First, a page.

I use the R-05 but think the H4N would have been a better choice with its extra features and input options.
Best online community for talking podcasting (and learning) – Google Plus without a doubt! The “podcasting” community on particular.
Really enjoy your show, thanks.
Thanks, Andrew! The R-05 is certainly smaller than the H4n, which makes it a bit easier to carry.
You like the “Podcasting” community the best on Google+? Not “Podcasters” or “Podcasting Technology and Resources”?
A less expensive alternative to the Zoom H4n is the Tascam DR-40. I recently bought one for $180 on Amazon, compared to $270 for the H4n.
We record “in the field” (aka the local pub) and replaced a battery-powered Behringer mixer tied to a Zoom H1 with just the DR-40. (Lugging around an 8-port mixer every week is not great, plus risking that a beer spill could short it out.)
Since we use two hyper-cardioid XLR-cabled dynamic mics and our voice volume levels are appreciably different, I was looking for a digital recorder with two XLR inputs and per-input gain controls. Thus the H4n and DR-40.
From reviews, the audio quality is the same on both but a few differences:
– They’re both 4-channel recorders but the DR-40 can only record 2 at a time. The H4n can record the two input channels plus the built-in mic at the same time. Useful for musicians or recording live crowds.
– The DR-40 will record a track at your current gain level and optionally another simultaneous track at up to -12db below so you’ve got a quieter version available in case you run into peaking problems.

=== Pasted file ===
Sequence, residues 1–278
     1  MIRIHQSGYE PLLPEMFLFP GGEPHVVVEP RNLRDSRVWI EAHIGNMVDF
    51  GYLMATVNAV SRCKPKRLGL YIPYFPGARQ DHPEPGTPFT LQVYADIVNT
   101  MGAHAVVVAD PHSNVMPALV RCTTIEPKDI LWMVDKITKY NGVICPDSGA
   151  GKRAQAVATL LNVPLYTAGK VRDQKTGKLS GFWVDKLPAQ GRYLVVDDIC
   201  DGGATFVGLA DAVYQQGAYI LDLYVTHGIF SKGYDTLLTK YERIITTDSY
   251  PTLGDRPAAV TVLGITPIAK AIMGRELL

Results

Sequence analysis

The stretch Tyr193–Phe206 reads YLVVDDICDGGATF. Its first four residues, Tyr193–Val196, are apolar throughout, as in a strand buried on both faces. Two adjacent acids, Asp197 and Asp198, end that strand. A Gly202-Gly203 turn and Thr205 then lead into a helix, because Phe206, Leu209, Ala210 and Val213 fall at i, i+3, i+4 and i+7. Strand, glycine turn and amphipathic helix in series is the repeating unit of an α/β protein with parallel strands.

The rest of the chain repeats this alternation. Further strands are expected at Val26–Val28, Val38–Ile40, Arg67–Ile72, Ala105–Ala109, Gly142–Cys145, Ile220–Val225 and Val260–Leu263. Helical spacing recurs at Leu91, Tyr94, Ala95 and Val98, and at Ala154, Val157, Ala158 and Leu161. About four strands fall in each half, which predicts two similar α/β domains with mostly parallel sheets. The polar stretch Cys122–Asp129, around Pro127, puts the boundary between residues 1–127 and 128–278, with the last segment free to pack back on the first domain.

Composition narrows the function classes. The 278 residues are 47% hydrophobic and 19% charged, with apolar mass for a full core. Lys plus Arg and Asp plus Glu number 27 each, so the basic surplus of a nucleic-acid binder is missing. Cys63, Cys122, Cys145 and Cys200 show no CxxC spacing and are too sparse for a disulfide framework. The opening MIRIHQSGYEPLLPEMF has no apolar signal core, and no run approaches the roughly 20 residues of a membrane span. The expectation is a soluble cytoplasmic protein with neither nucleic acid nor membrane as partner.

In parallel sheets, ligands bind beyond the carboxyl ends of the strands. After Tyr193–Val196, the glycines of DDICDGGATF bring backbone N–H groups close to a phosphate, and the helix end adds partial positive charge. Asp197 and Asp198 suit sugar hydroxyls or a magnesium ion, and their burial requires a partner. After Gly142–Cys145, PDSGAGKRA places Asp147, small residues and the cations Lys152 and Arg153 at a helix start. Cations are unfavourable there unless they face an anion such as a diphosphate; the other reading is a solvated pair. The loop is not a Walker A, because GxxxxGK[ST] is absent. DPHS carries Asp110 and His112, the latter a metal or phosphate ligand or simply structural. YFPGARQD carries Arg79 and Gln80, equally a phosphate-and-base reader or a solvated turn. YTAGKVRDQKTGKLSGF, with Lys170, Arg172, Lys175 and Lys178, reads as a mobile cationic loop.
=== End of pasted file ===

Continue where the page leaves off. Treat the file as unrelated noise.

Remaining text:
– The H4n has hardware input level switches. The DR-40 has menu level controls. The menu controls are easy enough for me, only takes one click.
– The H4n has a metal body while the DR-40 has a plastic body. Since we don’t handle it a lot or run the risk of dropping it often, I was fine with the plastic.
YMMV, of course, but it’s worked well for us and I’ve got a hundred bucks to spend another day!
I use the H4n’s four-channel ability all the time to record in-studio voices on one stereo track and remote voices and sounds on another stereo track.
The input volume on the H4n can be adjusted for each of the four channels! That’s like a mixer in a box.
I was about to pull the trigger on the Zoom H4n but went in a different direction. I always have my iPhone with me, so why not use it as a digital recorder? I bought the Tascam iXZ (a mic interface for my iPhone), the MXL FR-355K pair of lav mics with an XLR plug at the end, and the HD Voice Recorder app for the iPhone.
Spent about half the price and the quality is fantastic. I do need to bring the audio into Audacity just to boost the bass a bit but, for those times when I need to record quality audio for a video or if I’m recording on location instead of the studio, it’s an excellent solution.
(and, no, I have no affiliations with MXL or Tascam)
That’s a great setup! Do you have an episode posted so I can hear the quality? —
Sent from Mailbox for iPhone
Not yet – I’ve been using it for the audio track on a series of training videos. As soon as I get them produced and posted, I’ll send you a link. Or, so that I don’t hijack your forum with self-advertisements, I’ll record some audio and send it along.